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From Wikipedia, the free encyclopedia

Pete Beathard
No. 10, 11, 12
Position:Quarterback
Personal information
Born: (1942-03-07) March 7, 1942 (age 77)
Hermosa Beach, California
Height:6 ft 1 in (1.85 m)
Weight:200 lb (91 kg)
Career information
High school:El Segundo (CA)
College:Southern California
NFL Draft:1964 / Round: 1 / Pick: 5
AFL draft:1964 / Round: 1 / Pick: 2
Career history
Career highlights and awards
Career NFL statistics
Player stats at NFL.com
Player stats at PFR

Peter Falconer Beathard (born March 7, 1942) is a former American football quarterback who played professionally in the American Football League (AFL), the National Football League (NFL), and the World Football League (WFL). He is the younger brother of former NFL executive Bobby Beathard (b. 1937).[1]

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Transcription

Contents

College career

Born and raised in southern California, Beathard graduated from El Segundo High School in 1960 and played college football in Los Angeles at USC.

As a junior, he led the Trojans to the national championship in 1962. Both he and Ron Vander Kelen, the Wisconsin quarterback were named the Players Of The Game in the 1963 Rose Bowl, which USC won, 42–37.[2]

Professional career

Beathard was the fifth overall selection in 1964 NFL draft (Detroit Lions) and the second overall pick in the AFL draft by the Kansas City Chiefs,[3] where he signed and backed up Len Dawson.[4]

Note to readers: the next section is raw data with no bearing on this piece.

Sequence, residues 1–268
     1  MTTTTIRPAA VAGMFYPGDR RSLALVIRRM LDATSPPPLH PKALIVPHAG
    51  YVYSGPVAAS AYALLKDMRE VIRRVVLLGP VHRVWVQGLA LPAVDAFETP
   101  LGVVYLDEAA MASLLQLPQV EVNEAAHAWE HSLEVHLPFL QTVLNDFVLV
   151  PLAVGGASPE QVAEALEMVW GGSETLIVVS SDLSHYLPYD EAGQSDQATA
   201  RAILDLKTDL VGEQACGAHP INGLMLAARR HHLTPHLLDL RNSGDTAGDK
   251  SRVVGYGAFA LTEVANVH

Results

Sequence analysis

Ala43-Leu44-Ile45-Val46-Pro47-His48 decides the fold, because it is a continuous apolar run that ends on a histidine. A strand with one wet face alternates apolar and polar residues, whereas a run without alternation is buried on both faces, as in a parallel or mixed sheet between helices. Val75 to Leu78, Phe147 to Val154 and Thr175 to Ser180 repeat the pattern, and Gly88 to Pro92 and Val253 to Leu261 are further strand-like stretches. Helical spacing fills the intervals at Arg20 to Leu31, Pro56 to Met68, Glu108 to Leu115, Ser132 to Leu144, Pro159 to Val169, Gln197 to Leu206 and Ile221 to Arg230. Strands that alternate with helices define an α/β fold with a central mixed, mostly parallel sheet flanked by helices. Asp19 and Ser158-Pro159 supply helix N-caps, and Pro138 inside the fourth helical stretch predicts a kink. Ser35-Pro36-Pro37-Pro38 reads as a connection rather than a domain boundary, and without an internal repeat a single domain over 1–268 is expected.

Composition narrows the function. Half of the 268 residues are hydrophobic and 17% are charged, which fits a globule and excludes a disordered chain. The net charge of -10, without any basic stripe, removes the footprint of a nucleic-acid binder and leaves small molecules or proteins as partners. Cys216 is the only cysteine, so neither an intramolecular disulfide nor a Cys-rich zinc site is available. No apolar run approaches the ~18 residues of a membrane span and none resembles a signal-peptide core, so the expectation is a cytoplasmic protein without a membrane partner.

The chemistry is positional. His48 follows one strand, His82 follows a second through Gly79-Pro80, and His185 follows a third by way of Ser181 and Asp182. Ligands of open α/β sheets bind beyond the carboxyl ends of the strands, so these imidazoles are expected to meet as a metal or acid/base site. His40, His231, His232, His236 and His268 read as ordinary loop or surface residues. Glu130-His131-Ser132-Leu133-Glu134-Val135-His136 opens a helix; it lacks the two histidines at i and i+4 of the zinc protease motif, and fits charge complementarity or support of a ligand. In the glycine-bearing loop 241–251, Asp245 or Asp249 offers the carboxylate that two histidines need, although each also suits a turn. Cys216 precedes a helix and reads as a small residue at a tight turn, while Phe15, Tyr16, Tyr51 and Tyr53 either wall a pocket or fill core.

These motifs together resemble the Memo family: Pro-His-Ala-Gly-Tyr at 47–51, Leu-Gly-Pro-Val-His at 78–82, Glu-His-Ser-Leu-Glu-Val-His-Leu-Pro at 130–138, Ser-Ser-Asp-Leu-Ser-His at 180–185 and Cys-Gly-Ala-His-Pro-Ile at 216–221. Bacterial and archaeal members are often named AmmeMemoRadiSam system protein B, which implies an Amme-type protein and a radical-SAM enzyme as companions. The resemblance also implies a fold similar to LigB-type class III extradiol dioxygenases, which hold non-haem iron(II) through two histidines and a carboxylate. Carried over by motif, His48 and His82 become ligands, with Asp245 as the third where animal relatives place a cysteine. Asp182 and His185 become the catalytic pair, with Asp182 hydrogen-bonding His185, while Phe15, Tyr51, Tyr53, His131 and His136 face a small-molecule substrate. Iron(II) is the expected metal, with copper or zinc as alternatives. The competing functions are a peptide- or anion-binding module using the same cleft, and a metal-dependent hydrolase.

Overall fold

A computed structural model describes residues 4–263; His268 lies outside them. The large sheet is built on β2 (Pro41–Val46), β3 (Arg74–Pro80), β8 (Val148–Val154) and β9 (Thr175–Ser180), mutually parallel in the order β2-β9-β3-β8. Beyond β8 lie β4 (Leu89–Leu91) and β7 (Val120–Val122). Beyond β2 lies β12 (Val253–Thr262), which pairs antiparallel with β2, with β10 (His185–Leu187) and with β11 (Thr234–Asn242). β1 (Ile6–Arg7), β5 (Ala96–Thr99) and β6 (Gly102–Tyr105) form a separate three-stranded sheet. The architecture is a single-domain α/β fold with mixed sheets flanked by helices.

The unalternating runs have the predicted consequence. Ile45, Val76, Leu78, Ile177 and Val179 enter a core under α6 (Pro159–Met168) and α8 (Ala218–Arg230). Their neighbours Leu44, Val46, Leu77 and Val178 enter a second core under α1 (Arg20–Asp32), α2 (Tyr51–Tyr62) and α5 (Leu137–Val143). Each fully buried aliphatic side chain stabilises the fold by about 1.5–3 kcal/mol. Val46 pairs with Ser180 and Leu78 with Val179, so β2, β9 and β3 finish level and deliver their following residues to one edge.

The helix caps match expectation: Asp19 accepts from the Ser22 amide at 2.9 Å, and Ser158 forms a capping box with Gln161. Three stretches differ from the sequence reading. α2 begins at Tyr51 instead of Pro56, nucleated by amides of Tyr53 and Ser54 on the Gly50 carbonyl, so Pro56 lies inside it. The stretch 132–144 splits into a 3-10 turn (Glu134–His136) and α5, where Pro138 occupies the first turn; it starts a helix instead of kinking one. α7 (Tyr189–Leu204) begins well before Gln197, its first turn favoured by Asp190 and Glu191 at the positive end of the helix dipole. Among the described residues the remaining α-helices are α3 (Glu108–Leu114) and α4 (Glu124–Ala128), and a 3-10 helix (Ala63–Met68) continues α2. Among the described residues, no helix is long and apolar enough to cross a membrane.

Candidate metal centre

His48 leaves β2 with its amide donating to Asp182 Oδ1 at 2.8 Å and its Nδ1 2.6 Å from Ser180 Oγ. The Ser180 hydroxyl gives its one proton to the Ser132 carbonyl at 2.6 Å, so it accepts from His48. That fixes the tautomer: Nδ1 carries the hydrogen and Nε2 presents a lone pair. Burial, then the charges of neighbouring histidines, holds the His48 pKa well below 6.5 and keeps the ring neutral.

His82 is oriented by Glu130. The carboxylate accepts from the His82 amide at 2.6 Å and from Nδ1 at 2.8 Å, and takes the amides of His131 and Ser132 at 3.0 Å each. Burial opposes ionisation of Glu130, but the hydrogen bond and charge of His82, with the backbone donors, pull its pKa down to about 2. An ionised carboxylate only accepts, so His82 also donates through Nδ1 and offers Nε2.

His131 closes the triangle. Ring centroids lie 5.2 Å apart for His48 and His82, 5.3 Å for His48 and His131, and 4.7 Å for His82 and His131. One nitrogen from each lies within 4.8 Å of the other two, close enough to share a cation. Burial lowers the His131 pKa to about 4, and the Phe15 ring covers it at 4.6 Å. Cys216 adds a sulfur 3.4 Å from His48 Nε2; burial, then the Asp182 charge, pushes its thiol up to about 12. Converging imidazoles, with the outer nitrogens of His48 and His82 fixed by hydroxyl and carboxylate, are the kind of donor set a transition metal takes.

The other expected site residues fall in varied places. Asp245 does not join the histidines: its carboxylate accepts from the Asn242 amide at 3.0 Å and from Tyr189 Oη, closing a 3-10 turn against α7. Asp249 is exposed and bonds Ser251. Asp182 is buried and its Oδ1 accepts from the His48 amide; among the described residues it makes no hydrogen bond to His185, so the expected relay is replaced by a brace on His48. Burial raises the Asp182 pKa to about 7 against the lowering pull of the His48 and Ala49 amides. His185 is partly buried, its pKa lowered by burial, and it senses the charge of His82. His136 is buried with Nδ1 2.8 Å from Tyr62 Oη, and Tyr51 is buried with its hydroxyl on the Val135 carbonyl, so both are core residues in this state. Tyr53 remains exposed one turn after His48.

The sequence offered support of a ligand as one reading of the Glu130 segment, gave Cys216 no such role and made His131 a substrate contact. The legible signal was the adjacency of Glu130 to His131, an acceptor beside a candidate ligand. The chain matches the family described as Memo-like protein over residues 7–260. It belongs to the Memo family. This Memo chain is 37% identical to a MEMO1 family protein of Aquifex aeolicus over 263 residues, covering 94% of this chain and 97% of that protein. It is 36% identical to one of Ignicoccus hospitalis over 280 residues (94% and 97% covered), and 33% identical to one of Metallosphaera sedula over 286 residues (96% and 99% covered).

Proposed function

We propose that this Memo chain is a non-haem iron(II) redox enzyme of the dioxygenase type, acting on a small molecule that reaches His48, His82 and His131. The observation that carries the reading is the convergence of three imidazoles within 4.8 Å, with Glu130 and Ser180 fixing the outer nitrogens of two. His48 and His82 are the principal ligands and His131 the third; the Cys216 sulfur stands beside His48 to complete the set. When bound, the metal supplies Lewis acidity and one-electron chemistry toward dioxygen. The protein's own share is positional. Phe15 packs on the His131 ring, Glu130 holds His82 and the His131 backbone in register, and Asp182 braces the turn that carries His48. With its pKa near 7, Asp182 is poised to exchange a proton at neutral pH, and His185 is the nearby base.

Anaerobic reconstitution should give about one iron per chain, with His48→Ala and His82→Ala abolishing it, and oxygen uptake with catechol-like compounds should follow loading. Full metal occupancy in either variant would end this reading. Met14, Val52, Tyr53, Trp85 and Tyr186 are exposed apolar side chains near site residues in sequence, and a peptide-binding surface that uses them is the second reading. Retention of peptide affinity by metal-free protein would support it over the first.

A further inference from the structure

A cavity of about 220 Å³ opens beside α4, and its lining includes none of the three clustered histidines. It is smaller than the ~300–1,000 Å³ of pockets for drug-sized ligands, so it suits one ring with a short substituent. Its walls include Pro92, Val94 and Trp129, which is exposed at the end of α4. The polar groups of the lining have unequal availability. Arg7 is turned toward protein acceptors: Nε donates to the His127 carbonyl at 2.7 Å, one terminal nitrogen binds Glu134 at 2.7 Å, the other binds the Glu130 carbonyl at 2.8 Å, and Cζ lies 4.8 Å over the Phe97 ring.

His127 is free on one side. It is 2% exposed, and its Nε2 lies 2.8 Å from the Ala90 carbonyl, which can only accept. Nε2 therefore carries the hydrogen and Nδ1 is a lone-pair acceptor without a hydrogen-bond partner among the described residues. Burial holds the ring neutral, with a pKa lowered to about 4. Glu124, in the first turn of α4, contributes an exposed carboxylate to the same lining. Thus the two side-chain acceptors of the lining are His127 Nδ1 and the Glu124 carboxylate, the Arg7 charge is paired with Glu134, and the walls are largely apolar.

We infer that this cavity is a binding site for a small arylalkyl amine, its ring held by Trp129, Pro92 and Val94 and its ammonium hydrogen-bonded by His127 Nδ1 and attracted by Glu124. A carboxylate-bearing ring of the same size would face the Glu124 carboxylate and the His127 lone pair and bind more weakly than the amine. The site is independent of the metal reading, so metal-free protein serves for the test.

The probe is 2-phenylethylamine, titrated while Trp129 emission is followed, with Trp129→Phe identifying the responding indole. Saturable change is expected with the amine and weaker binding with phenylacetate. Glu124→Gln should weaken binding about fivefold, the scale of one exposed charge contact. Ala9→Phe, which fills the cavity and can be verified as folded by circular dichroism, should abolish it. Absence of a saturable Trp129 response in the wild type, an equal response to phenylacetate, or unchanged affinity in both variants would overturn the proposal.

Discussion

In October 1967, Beathard was traded during his fourth season to the Houston Oilers in exchange for defensive tackle Ernie Ladd and quarterback Jacky Lee.[5] He led the Oilers to the Eastern division title, but lost 40–7 to the Oakland Raiders in the AFL championship game. Beathard's playing time in 1968 was curtailed due to appendicitis,[6] and in 1969 he took the Oilers to the four-team AFL playoffs.

Beathard was traded to the Cardinals in 1970,[7] the Rams in August 1972,[8] and returned to the Chiefs in 1973.[9]

In March 1974, he was selected by the Houston Texans in the first round (10th overall) of the WFL Pro Draft. He was waived by the Chiefs in September 1974, he finished his pro career in the short-lived World Football League (WFL), with the Portland Storm in 1974,[10][11] and the Chicago Winds in 1975.[12] He was briefly on the roster of the Oakland Raiders in October 1975.[13]

See also

References

  1. ^ Zimmerman, Paul (August 29, 1988). "Smartest man in the NFL". Sports Illustrated. p. 58.
  2. ^ 2008 Rose Bowl Program Archived 2008-03-06 at the Wayback Machine, 2008 Rose Bowl. Accessed January 26, 2008.
  3. ^ "Lions lose Beathard to Chiefs". Owosso Argus-Press. Michigan. Associated Press. December 4, 1963. p. 16.
  4. ^ Moore, Bob (June 18, 2015). "Chapter Two: Pete Beathard is an Early Prize". Kansas City Chiefs. (team history). Retrieved February 9, 2016.
  5. ^ "Beathard is traded by KC for Ladd, Lee". Lodi News-Sentinel. California. UPI. October 9, 1967. p. 11.
  6. ^ "Beathard: surgery". St. Petersburg Independent. Florida. Associated Press. October 4, 1968. p. 2C.
  7. ^ "Houston trades Beathard". Victoria Advocate. Texas. Associated Press. January 22, 1970. p. 1B.
  8. ^ "Rams get Pete Beathard". Lakeland Ledger. Florida. Associated Press. August 20, 1972. p. 5B.
  9. ^ "Beathard will start for Chiefs tonight". Schenectady Gazette. New York. Associated Press. August 13, 1973. p. 26.
  10. ^ "Storm signs Beathard to WFL pact". Eugene Register-Guard. Oregon. UPI. September 11, 1974. p. 1B.
  11. ^ Cawood, Neil (September 26, 1974). "Beathard stirs up the Storm". Eugene Register-Guard. Oregon. p. 1B.
  12. ^ "Hornets seek 1st victory". Spartanburg Herald. South Carolina. July 19, 1975. p. A6.
  13. ^ "Beathard to Raiders". Lodi News-Sentinel. California. UPI. October 9, 1975. p. 10.

External links

This page was last edited on 1 December 2019, at 04:33
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